After an evening spent at the opera or the ball in a tight-laced corsetted gown, perhaps Victorian ladies were a little more than relieved to slip into something more comfortable when they arrived home.
Queen (magazine) of 1881, now known as Harper’s Bazaar, observed the growing popularity of dressing gowns:
It is so much the fashion for young ladies to meet in their rooms, after they have seemingly retired to rest, that very smart dressing-gowns are brought into requisition, and flannel is forsaken for more dressy materials.
Our first example is the quintessential dressing gown of the mid- to late-Victorian era, complete with paisley pattern, military-style cuffs, and cord belt. The teal color runs through the pattern, cord, and lining.
Our next example was a popular style when it became acceptable to receive intimate guests at home in an informal manner. The fabric is more distinctive than the above paisley pattern and the form is more elegant. It was considered equivalent to a man’s banyan or smoking jacket.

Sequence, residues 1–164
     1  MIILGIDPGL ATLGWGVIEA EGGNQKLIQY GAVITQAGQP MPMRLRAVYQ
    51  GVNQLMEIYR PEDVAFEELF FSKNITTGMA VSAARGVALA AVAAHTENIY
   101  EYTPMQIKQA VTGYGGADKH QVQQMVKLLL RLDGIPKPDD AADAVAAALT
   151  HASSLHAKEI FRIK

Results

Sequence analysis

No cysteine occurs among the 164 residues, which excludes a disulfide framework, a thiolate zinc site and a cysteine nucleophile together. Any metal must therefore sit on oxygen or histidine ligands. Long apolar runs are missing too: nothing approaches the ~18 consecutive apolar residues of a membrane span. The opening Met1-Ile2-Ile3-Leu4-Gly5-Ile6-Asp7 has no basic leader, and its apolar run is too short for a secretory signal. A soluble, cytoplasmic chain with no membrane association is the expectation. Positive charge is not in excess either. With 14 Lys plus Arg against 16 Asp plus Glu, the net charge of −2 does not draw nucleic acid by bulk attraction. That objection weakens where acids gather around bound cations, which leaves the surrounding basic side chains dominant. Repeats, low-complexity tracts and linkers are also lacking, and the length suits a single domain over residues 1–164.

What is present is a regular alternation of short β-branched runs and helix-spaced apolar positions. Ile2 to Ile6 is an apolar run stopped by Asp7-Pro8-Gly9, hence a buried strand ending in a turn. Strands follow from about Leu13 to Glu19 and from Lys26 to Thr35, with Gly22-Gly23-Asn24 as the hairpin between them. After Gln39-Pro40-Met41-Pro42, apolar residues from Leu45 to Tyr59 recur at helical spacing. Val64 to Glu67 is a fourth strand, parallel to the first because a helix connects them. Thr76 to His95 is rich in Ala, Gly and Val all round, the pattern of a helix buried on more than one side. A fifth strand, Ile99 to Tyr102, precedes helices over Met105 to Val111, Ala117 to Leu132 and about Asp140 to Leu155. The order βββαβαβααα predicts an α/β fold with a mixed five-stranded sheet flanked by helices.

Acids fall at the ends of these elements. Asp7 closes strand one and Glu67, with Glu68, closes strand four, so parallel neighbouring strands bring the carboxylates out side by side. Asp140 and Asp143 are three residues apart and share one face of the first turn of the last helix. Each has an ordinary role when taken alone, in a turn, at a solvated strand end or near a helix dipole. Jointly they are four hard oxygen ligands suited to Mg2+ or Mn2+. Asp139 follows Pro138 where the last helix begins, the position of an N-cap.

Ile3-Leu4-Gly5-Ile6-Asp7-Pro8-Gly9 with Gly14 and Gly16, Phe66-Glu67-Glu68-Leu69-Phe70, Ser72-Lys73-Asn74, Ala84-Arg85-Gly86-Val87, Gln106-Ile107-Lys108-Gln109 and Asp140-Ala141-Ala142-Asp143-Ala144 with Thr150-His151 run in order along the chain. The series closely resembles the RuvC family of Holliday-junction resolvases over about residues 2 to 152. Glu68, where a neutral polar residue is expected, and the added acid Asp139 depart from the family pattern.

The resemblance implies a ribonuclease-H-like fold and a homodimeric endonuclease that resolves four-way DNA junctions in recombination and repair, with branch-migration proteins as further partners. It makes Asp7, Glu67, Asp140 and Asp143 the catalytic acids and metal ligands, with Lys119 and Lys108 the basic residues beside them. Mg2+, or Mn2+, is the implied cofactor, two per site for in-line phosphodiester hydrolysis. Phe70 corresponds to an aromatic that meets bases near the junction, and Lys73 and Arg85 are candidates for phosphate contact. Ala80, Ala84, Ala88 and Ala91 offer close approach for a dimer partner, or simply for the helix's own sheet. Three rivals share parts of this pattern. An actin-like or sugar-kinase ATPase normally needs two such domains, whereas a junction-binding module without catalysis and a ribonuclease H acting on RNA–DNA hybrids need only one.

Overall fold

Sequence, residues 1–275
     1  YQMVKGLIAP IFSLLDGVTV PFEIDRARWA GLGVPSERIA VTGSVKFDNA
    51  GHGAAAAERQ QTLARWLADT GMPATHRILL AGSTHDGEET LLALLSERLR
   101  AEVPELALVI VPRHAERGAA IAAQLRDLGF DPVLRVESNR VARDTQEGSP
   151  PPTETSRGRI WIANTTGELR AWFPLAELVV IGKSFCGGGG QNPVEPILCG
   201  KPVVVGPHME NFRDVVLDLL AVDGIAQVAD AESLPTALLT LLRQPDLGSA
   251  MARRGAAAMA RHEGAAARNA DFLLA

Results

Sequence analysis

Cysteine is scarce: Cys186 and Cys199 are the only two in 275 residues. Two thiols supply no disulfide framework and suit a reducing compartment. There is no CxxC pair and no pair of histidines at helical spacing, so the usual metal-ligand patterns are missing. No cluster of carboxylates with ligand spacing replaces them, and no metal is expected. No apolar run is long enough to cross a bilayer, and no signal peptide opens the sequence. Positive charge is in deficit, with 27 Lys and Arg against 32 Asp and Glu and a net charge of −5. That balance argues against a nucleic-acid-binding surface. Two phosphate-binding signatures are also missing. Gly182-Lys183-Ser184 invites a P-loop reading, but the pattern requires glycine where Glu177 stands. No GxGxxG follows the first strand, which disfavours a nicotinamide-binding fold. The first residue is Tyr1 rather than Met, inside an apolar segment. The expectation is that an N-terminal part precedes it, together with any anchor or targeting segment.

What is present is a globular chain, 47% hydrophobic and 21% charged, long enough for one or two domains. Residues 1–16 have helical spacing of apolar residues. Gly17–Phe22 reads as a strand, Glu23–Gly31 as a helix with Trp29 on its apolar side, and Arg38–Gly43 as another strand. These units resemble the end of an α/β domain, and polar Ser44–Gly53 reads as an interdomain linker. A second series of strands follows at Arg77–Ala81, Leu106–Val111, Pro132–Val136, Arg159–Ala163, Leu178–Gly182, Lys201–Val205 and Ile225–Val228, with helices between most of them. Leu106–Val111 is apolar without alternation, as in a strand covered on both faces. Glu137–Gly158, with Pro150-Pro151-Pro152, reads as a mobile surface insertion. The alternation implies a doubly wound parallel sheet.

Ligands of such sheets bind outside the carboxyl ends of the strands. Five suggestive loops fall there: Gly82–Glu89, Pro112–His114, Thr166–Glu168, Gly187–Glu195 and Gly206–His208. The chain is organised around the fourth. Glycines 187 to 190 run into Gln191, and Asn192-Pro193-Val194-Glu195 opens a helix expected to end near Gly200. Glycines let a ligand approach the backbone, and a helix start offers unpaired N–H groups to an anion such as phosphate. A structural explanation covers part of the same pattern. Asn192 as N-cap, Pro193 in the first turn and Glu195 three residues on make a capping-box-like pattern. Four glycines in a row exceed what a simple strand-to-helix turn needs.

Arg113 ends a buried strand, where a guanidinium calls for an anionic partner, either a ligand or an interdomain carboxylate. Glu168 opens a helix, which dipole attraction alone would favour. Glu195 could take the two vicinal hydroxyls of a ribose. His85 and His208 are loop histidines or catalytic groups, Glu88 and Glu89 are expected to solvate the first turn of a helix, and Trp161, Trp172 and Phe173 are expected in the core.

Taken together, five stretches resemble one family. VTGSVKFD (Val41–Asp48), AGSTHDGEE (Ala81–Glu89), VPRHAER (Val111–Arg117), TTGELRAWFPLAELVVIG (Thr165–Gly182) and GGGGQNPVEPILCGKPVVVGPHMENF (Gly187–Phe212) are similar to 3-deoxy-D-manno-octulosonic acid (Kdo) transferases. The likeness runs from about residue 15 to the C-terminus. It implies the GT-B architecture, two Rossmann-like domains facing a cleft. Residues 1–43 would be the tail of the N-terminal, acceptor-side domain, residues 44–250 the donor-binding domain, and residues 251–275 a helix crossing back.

Our third example is a sophisticated dressing gown of beautiful colors. The intricate back, with its horizontal ruffles, is reminiscent of the 1870s bustle. The complex back is sewn from four pieces starting at the shoulder seam, with a gradual flare to the hem.
Our last example is an expensive, custom-made wool garment which belonged to a fashionable woman. According to the Metropolitan Museum of Art, the evidence of high craftsmanship is in the skill, time, and extra material it would have taken to precisely place the stripe at the sleeve ends and match at the seams.
Other examples of Victorian dressing gowns
Vintage Dressing Gowns on EBay
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A Dressing Gown Poem
Outside in my dressing gown by Liz Cowley.
I’m outside in my dressing gown —
I often am at half past seven,
when plants are sometimes waking up.
To me, that is a time of heaven.
The builders on the roof next door
were once surprised to see me there,
amazed to watch me pottering
in slippers and with unbrushed hair.
Thank God they’ve learned to look away,
accepting there’s a nut next door
who’s up and out and not yet dressed —
they don’t look startled any more.
They do their own thing, I do mine —
they glance at me, then look away.
I’m glad they have accepted it —
the way I like to start the day.
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